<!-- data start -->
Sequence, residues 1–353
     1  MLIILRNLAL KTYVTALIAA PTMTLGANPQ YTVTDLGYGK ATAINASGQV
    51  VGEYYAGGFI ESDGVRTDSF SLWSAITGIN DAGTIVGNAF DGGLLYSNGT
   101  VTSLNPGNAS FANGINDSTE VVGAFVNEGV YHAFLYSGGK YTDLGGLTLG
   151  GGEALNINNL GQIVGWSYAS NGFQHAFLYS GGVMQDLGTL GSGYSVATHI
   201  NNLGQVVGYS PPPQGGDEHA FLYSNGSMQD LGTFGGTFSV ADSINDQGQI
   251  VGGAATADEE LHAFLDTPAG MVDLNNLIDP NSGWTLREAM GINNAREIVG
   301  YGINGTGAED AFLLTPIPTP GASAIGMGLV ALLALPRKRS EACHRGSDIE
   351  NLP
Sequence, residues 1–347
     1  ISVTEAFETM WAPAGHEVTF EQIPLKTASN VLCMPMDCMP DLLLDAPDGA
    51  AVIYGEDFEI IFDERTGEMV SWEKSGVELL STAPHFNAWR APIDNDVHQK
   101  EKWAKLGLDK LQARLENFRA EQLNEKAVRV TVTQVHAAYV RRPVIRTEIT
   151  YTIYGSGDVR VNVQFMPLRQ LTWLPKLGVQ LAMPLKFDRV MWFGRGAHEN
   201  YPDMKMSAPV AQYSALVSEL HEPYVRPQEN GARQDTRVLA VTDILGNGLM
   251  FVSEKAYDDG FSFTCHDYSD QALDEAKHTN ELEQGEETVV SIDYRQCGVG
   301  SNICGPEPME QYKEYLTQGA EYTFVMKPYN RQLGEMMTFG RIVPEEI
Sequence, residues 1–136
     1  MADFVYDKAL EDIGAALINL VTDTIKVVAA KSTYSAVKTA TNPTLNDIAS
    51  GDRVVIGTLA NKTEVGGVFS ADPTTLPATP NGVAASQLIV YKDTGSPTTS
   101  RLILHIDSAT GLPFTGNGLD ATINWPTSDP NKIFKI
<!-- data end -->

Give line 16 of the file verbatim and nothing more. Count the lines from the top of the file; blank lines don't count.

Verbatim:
   251  FVSEKAYDDG FSFTCHDYSD QALDEAKHTN ELEQGEETVV SIDYRQCGVG